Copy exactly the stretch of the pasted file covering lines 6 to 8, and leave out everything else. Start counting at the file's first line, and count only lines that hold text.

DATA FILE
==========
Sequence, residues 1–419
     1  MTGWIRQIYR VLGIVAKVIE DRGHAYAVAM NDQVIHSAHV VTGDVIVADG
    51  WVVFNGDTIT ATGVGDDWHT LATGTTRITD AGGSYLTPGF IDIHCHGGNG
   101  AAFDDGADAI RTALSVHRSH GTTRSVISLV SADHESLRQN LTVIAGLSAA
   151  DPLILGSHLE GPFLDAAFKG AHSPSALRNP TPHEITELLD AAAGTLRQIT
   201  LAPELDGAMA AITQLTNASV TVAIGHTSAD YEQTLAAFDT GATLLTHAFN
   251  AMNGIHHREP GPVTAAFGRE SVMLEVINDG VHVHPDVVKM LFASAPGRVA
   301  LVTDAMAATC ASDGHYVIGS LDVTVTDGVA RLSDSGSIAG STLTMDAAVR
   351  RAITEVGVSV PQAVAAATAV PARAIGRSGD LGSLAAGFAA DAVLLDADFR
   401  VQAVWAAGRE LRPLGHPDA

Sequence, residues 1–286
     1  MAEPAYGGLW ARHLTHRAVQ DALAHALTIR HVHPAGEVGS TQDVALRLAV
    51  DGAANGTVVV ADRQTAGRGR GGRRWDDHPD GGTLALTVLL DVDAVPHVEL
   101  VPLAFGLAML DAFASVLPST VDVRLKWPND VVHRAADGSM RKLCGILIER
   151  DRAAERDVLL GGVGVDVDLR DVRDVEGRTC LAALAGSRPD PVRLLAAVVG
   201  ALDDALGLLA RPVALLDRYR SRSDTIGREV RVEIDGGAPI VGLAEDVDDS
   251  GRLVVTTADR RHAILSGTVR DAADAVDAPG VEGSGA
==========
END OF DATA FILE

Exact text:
   201  LAPELDGAMA AITQLTNASV TVAIGHTSAD YEQTLAAFDT GATLLTHAFN
   251  AMNGIHHREP GPVTAAFGRE SVMLEVINDG VHVHPDVVKM LFASAPGRVA
   301  LVTDAMAATC ASDGHYVIGS LDVTVTDGVA RLSDSGSIAG STLTMDAAVR